gcd[x, y]

Returns the greatest common divisor of **x** and **y**

lcm[x, y]

Returns the lowest common multiple of **x** and **y**

quad[a, b, c] quadratic[a, b, c]

Returns an array containing the two solutions to the quadratic equation described by the equation

a x^2 + b x + c

floor[x] ceil[x] int[x] trunc[x] rint[x] round[x, digits]

floor[] and ceil[] do what they say they do. Both int[] and trunc[] will in fact just truncate a floating point number to an integer, dropping all digits past the decimal point. rint[] will round the to the nearest integer. round[x, digits] will round to a specified number of digits, 0 being an integer 1 meaning having one digit past the decimal point.

numerator[x] denominator[x]

Because Language::Farnsworth uses Math::Pari internally for doing all calculations numbers may be represented as a rational number when possible rather than a floating point number in order to preserve precision. When used on floating point numbers numerator[] will return the number back to you, and denominator[] will return 1.

isprime[x]

Returns true if **x** is a prime number.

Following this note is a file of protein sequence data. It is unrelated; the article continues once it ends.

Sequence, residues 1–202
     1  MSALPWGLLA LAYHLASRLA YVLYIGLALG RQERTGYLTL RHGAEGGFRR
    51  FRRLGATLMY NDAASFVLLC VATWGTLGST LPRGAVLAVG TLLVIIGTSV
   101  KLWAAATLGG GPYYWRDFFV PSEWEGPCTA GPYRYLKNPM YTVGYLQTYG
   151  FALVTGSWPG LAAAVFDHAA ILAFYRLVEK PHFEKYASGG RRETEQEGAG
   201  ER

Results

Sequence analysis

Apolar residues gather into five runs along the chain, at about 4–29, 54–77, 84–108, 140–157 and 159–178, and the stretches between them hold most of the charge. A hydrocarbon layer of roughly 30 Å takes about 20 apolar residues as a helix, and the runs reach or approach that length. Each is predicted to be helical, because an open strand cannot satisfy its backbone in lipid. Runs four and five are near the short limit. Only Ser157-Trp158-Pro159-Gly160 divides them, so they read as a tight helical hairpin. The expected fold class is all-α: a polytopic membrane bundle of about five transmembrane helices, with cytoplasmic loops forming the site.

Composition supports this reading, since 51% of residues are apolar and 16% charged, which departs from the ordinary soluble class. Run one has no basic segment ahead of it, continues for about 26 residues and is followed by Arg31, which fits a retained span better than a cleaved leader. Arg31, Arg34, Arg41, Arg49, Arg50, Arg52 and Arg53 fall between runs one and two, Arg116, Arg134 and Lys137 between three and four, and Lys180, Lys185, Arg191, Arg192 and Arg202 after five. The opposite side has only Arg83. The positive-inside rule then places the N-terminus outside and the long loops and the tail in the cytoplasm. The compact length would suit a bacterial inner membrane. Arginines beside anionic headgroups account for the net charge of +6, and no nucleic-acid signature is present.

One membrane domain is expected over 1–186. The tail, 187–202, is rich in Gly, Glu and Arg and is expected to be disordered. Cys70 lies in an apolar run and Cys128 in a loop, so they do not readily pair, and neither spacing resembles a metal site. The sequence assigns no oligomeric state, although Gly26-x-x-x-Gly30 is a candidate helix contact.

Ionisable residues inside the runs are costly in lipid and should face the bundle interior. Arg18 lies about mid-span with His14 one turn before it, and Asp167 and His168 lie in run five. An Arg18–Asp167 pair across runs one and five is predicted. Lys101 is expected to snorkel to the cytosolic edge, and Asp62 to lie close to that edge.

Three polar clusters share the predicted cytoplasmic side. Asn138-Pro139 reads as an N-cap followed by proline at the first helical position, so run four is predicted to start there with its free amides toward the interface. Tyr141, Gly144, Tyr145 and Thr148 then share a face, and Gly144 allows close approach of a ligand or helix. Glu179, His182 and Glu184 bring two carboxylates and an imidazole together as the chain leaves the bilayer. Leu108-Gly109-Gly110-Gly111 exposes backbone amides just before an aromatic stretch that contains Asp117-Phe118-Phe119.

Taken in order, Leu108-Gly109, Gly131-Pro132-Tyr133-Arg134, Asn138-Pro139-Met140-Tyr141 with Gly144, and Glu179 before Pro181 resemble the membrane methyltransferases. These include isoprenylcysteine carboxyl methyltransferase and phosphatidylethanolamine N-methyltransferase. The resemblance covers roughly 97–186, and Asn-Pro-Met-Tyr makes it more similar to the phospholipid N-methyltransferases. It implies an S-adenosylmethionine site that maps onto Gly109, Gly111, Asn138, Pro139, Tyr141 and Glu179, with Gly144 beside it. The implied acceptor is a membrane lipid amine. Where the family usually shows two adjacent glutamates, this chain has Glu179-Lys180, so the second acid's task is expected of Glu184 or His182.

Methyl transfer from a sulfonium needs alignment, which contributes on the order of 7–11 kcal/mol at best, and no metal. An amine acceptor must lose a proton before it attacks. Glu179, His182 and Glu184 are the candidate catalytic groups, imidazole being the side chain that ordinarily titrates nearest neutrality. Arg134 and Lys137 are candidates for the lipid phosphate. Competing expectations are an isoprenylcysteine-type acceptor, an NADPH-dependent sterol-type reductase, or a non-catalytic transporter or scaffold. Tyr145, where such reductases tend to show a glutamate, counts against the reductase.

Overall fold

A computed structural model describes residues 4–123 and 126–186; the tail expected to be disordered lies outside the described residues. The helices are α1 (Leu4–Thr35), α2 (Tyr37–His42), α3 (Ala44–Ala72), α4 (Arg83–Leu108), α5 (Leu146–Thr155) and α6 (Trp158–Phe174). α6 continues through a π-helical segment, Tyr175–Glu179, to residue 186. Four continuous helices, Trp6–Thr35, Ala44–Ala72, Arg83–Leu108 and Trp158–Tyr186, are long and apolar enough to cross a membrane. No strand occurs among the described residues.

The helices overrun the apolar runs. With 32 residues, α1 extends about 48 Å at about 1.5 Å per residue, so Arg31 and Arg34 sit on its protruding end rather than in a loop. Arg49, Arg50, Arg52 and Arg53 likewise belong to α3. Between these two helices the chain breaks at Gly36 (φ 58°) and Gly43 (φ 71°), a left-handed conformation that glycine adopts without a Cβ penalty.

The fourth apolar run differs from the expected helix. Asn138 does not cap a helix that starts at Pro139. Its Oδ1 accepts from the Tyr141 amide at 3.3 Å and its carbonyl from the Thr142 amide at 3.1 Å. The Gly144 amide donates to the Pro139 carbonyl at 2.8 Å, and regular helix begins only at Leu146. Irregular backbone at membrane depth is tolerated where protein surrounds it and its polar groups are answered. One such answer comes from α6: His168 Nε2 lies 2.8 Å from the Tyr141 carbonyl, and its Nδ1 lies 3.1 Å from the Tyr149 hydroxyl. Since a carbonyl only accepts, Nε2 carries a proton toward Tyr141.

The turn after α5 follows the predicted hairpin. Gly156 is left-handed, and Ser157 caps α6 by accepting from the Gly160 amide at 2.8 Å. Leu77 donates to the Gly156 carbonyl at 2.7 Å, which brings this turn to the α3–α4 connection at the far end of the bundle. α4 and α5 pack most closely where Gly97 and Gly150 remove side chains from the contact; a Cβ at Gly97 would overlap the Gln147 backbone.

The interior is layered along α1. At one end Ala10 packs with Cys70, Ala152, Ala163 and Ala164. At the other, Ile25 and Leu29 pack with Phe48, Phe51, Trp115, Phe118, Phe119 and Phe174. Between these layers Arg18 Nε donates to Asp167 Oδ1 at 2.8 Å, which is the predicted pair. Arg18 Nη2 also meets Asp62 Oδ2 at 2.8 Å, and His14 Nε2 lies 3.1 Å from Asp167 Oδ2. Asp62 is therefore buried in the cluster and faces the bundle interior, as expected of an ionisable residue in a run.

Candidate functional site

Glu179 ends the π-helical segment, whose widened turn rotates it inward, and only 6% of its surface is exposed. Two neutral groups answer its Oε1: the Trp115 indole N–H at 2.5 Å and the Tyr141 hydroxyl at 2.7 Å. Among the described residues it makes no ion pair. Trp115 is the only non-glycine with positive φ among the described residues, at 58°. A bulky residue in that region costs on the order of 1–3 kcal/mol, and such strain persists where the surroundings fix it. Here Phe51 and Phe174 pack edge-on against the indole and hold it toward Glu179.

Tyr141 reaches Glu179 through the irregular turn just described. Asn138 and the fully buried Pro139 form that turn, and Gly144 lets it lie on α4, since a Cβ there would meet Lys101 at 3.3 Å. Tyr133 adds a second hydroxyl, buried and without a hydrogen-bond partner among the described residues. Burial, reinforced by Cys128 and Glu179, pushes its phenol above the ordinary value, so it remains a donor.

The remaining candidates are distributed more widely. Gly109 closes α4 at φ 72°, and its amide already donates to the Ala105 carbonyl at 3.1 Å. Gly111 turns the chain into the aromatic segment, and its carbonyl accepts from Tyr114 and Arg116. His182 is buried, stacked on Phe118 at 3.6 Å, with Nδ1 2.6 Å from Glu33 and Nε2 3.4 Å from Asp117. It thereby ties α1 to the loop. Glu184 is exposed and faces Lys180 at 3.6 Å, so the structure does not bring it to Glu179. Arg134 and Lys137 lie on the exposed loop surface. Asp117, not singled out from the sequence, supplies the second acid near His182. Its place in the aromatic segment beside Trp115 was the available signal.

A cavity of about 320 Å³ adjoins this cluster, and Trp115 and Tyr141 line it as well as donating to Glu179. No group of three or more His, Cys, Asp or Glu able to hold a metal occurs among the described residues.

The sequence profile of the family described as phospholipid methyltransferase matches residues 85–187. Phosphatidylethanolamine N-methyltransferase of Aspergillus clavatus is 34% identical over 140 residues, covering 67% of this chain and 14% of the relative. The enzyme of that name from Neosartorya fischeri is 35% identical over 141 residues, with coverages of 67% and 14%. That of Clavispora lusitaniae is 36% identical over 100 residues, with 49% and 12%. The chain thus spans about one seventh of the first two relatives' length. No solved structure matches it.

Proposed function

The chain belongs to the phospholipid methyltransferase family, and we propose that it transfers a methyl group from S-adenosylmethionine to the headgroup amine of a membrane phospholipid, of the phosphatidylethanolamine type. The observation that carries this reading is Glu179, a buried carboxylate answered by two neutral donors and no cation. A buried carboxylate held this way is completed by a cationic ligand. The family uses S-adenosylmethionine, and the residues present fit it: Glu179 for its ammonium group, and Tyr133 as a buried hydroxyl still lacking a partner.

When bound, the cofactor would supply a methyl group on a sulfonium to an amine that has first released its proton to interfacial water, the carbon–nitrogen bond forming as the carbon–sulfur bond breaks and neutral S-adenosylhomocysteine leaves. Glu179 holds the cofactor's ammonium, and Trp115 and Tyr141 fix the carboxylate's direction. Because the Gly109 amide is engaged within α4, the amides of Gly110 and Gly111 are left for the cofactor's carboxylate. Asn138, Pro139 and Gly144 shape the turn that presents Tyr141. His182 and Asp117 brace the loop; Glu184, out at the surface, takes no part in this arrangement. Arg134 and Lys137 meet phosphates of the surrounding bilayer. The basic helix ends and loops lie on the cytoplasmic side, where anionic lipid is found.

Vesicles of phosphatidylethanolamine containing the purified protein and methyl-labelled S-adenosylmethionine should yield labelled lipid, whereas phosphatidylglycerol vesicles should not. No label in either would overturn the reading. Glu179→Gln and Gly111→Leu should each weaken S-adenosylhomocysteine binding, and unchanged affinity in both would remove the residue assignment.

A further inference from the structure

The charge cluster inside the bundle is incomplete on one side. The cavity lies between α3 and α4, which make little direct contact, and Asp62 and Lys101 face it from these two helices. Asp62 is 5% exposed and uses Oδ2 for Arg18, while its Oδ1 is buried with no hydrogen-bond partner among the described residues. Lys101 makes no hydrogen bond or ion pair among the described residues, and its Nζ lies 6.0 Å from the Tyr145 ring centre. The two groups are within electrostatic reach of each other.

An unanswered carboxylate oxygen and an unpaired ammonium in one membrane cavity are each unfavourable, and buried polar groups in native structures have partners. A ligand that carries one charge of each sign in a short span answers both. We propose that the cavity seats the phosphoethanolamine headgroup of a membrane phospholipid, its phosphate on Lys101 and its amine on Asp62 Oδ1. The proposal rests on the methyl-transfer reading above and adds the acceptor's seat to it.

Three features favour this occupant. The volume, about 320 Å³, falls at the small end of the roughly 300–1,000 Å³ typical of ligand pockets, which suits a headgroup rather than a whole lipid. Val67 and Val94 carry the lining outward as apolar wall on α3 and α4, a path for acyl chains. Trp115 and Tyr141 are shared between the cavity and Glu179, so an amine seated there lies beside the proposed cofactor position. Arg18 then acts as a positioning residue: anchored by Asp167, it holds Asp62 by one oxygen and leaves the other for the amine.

prime[x]

Returns the **x**th prime number.

nextprime[x]

Returns the next prime number after **x**

precprimep[x]

Returns the preceeding prime number before **x**

conj[x] # conjugate norm[x] # normal real[x] # gives back the real part of a complex number imag[x] # gives back the imaginary part of a complex number

randmax[x]

randmax[x] returns a random number between 0 and **x**.

getrseed[]

returns the current seed for the random number generator.

setrseed[x]

sets the seed for the random number generator to **x**.

random[]

returns a random number between 0 and 1 with 30 digits of precision (e.g. 10**30 different random numbers).

return[]

return[] lets you return a single value/variable to the previous context just like in almost any other language.

now[]

now[] returns the current date and time as a Language::Farnsworth Date value.

#=head2 unit[] # # unit[unit] # #unit[] takes the name of a unit **NOT** as a string (in future releases it will take it as a string or barename), and will always return the value of the unit[] named as such. This allows you to have access to a unit even when someone has carelessly defined a variable that stomps on that unit. #